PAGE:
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Families of MH17 victims attend national memorial

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Families of the 38 Australians tragically killed aboard flight MH17 have gathered on the first anniversary of the attack.

Tony Abbott attended the ceremony and unveiled a new plaque memorialising the victims.

The plaque was on set a foundation which included a bag of soil brought back from the site of the attack by an Australian police officer.

Julie Bishop arrives at the MI17 memorial
Julie Bishop arrives at the MH17 memorial site in Canberra on Thursday. Photo: AAP

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Mr Abbott praised the officer for his foresight in knowing that the soil would be “sacred” for the victims’ families.

“It was a humane act, and in stark contrast to the savagery that brought the plane down,” said Mr Abbott.

“The names of the Australians killed in the MH17 atrocity a year ago today are etched on this plaque just as they are etched in our hearts.”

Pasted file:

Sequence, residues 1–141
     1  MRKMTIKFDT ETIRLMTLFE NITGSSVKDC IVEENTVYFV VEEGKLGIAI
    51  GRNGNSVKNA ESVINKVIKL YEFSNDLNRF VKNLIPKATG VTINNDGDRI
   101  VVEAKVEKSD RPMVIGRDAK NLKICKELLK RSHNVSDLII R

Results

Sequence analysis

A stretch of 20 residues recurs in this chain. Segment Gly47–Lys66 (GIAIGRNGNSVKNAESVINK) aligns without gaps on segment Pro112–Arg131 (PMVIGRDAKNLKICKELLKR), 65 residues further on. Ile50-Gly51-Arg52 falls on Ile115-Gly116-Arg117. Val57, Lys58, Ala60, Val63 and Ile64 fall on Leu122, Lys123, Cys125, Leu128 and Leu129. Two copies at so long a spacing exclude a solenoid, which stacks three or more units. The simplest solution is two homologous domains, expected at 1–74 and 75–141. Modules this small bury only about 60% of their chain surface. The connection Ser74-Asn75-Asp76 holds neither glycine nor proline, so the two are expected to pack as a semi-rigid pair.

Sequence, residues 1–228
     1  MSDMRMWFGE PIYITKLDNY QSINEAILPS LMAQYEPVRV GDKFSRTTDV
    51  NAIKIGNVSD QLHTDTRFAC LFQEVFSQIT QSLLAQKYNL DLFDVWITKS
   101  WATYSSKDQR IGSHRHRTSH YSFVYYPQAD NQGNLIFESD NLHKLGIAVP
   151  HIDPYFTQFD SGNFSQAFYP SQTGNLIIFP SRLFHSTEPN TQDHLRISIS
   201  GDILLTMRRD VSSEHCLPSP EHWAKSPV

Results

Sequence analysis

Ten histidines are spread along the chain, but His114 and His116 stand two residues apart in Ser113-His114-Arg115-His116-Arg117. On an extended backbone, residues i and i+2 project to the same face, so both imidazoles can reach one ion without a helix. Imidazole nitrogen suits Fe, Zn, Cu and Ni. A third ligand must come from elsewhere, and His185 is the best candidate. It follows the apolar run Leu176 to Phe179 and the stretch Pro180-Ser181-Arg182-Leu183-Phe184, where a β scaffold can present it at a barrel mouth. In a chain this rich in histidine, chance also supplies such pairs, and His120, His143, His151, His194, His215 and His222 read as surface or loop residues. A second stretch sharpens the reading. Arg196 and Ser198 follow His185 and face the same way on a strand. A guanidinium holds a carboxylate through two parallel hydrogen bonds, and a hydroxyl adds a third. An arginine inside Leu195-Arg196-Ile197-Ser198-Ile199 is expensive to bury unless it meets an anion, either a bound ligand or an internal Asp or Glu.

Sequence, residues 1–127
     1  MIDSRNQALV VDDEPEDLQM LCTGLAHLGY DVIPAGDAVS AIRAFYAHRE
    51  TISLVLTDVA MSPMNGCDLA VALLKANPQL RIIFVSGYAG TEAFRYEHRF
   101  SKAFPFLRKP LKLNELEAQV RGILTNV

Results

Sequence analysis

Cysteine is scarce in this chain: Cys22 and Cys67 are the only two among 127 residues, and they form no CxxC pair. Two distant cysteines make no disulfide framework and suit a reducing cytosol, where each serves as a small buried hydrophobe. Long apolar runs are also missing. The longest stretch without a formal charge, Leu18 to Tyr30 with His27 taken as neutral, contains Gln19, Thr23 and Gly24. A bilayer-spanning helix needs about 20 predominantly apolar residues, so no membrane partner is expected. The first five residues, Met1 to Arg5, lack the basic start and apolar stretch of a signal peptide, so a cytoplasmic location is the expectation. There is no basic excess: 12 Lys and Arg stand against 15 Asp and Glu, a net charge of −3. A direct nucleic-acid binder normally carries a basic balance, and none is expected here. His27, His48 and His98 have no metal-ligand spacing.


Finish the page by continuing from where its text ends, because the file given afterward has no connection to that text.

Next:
Mr Abbott and his wife Margaret laid a native wattle branch on the plaque, before inviting members from each of the victim’s families to do the same.

The outdoor memorial was followed by a larger service, where Governor General Peter Cosgrove assured the families, “You are not alone. We are with you. We are Australian.”

The memorial comes after newly released footage yesterday showed people ransacking the victims’ luggage at the site of the attack in Rozsypne, Ukraine.

298 people lost their lives when plane MH17 went down over Russia-Ukraine territory on July 17, 2014.

Ukraine and other Western countries have accused pro-Russian separatists of shooting down the plane, saying they may have used a surface-to-air missile.

The plane had been flying over a war-torn territory avoided by airlines such as Korean Air, Asiana Airlines and British Airways, although Malaysian Airlines was not the only carrier still flying over the area at the time.

The Netherlands, home to the majority of those killed in the attack, has been joined by Australia, Ukraine, Belgium and Malaysia in its ongoing investigation into the attacks.

Call are being heard for an international, UN-backed tribunal to prosecute the offenders.

“Justice must be delivered for the 298 innocent people who lost their lives,” said British Foreign Secretary Philip Hammond.

“That requires an international tribunal, backed a resolution binding all UN member states to prosecute those responsible.”

The tribunal could be blocked by Russia, who sits with veto power on the UN Security Council.